Prime Minister Malcolm Turnbull says he’s asked the secretary of his department to investigate Ley’s travel claims.
Ley will stand aside without ministerial pay until the investigation is complete.
“I expect the highest standards from my ministers in all aspects of their conduct, and especially the expenditure of public money,” he said in a statement today.
It comes amid revelations Ley bought a $795,000 apartment during a taxpayer-funded trip to the Gold Coast in 2015.
She caved into mounting pressure to step aside this morning, after it was revealed she claimed travel costs to the Gold Coast for New Year’s Eve celebrations two years in a row.
Ley told reporters today she travelled to the Gold Coast for New Year’s celebrations at the request of a prominent Queensland businesswoman.
In 2013, she claimed flights and taxis to attend a business lunch and the following year, attended the businesswoman’s annual New Year’s Eve event, she said.
Ley insists she did not claim accommodation in either year.
She insisted she visited the Gold Coast the day she bought her apartment to have ongoing conversations with a patient.
She decided it would be cheaper to stay at the Gold Coast that night since she needed to be in Canberra the following day.
Her husband had accompanied her on the trip and drew her attention to an auction for the apartment.
“My decision late Friday to attend this auction was made after I had planned to travel to the Gold Coast from Brisbane,” she said.
A Comcar was used to take her from Brisbane to her hotel, then the auction “two minutes away”.
“In hindsight, I should have just got out of the hotel,” she said.
While she had pre-approved finance to buy an investment property, Ley insisted she did not plan or anticipate buying this particular apartment.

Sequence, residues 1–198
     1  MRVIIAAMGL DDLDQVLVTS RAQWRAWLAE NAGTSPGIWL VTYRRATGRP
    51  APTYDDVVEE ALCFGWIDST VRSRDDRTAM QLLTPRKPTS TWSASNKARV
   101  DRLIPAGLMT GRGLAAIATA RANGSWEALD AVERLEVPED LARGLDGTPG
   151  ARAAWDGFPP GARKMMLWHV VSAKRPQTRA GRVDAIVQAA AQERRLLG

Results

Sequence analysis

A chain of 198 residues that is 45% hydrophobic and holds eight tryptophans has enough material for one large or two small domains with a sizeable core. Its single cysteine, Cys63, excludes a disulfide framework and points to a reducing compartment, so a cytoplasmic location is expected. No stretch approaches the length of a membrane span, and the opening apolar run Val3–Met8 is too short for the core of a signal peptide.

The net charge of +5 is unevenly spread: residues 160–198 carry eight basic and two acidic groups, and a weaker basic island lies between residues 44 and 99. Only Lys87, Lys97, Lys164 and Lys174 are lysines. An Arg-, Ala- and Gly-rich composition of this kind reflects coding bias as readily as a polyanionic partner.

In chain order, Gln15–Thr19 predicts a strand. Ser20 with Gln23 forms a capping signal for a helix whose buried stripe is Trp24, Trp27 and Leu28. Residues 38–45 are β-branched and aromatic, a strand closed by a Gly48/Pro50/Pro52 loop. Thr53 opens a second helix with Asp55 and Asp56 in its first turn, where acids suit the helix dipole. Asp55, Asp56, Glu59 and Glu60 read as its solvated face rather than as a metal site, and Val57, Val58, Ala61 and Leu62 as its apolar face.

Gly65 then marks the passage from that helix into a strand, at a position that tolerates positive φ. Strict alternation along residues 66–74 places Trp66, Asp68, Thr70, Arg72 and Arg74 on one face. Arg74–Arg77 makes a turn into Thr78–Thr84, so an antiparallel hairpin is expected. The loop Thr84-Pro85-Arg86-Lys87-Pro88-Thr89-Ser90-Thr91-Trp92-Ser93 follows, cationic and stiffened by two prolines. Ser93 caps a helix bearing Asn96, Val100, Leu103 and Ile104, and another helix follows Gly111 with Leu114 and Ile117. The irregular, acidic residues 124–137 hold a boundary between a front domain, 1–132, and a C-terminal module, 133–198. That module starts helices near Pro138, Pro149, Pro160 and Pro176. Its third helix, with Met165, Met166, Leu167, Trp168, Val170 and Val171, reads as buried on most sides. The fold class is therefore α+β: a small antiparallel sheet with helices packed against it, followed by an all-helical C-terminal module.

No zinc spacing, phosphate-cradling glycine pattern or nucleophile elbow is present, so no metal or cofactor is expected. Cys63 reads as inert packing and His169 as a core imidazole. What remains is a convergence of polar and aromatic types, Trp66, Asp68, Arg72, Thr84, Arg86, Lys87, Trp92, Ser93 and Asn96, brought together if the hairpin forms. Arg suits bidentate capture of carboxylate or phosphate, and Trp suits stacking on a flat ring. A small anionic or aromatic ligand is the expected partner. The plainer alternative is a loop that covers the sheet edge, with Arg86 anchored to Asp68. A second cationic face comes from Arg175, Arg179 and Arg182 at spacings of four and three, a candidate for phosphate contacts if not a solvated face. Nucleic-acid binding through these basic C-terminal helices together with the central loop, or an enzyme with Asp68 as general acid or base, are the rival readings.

She only inspected for the first time about 10 minutes before the auction started and felt it “fit the bill”.
“I realised that my purchase of the unit changed the character of the occasion to one of a more personal nature and I should have adjusted my claim accordingly.”
The minister said she looked forward to working with the secretary of the prime minister’s department to investigate the travel claims.
Ley insists the decision to stand aside was mutually agreed between her and Turnbull, apologising for the distraction it had caused for the government.
“I haven’t been able to ignore the level of intense interest and speculation,” she said.
She insists she hasn’t broken any rules and while she’s providing her diaries to two independent investigations by two government departments, she won’t provide them to the public.
“I’m very confident that the investigations will demonstrate that no rules were broken whatsoever.
“I recognise that for people who live in my electorate, who work hard, who understand about living on fixed incomes and have experienced a life I’ve experienced in the past, this has a look that, you know, that I don’t understand those issues and I don’t recognise them and in fact the opposite is the case.”
Acting Opposition Leader Penny Wong said Turnbull should have sacked Ley from cabinet, but instead he went for the “weak” option.
“What we see is the prime minister squibbing it,” she told reporters in Adelaide.
“It’s quite clear that the ministerial standards are an optional extra when it comes to Malcolm Turnbull.”
She called on Ley to release sufficient details to demonstrate that the trips taken were for public purposes.
Wong labelled it ironic that her temporary replacement is Sinodinos, who stepped aside from the frontbench during a NSW Independent Commission Against Corruption inquiry into a company he chaired.
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